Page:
By: Tom Sheehan
The ocean is slow to warm
and slow to cool, shivers edges
of winter and, like the lover it is,
cannot let go.
December talks its way up
filaments of frangible shinbones
old knees hang onto and aches
under the belly like bruised melons.
The edge of Prankers Pond
remembers Pressburn Hill in pieces,
flushed worms, in summer sometimes
a shadow, but now is awed in one
circular gesture by slick understanding
of cold and how it means, a sudden
crawl of the calcified year.
The sky tugs on clouds of dirty gray
bunting like an old man supine
on a park bench yanks an oft-patched
coat up hard beneath his chin.
High up under the massing
of the dark stitch work and thick repair,
birds, mostly gulls in the roughing,
ride their interpretation of the day
like radar blips on a major screen.
Closer here, red-winged blackbirds,
at nest protection in reeds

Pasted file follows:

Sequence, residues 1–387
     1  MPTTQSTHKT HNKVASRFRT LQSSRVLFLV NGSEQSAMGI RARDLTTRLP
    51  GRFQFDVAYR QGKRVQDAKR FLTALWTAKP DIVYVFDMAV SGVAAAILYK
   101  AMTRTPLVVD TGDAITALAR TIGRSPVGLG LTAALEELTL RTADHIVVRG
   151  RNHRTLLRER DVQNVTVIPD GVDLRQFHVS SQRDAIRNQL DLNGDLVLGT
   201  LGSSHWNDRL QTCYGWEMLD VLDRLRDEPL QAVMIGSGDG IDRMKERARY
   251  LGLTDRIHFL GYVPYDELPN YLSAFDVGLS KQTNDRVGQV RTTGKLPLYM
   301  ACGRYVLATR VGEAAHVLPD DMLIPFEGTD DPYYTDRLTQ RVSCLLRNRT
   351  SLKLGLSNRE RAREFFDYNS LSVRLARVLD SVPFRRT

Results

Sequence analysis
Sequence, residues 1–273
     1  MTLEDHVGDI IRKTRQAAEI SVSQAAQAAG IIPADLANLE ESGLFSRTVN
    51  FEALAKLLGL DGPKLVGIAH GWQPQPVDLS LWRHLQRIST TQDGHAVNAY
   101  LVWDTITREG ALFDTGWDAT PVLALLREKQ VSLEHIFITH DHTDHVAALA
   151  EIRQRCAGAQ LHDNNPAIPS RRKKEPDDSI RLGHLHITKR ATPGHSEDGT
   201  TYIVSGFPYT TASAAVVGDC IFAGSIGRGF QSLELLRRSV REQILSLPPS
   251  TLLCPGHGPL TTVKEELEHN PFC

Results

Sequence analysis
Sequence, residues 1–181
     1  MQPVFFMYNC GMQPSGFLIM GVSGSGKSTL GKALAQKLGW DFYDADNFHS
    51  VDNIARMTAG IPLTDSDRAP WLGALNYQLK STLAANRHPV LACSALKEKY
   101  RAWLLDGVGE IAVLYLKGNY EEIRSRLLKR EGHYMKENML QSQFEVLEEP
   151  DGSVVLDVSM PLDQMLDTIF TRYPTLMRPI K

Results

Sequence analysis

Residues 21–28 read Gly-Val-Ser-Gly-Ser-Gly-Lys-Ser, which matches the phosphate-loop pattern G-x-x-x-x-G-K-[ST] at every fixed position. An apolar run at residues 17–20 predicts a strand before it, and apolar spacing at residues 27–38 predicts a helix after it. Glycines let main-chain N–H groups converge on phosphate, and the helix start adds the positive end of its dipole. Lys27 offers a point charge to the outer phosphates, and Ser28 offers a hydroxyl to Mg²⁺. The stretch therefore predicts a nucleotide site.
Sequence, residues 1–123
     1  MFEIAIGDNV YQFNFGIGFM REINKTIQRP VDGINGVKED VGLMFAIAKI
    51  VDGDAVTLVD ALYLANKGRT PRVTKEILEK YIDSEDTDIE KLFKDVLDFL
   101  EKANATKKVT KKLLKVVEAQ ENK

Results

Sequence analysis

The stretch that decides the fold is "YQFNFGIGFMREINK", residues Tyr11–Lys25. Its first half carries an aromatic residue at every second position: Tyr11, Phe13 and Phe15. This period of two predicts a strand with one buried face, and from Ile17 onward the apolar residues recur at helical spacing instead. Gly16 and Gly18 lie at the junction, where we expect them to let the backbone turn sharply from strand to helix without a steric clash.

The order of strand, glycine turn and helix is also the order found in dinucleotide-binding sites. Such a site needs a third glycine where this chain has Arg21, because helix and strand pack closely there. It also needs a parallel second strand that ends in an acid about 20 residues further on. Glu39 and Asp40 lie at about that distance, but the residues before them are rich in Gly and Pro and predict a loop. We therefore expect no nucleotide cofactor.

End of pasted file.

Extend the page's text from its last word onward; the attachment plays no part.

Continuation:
of the briny path, dive fast
as fighter planes at fishermen,
waders, worm and clam diggers,
like Corsairs and Mustangs, even
Spads in the mix of times.
Deserted arms of maples,
once maniacal oaks at odds,
yield screams from their limbs,
eerie punctuation of frigid dance
the ice ache silently embalms
long before a chain saw’s teeth,
before temporary imprisonment
of the maul, working itself down
through an aged core, escapes.
It is enough to know reprieve
after the stunning and the awe
passing under broad wind;
that the days grow longer
counted by a handful of stars,
that a dimly defiled crocus,
emboweled in tiers of ice,
abducted, waits fair ransom,
waits to leap away with spring
now under folded arms of Earth,
and the ocean coming lover again.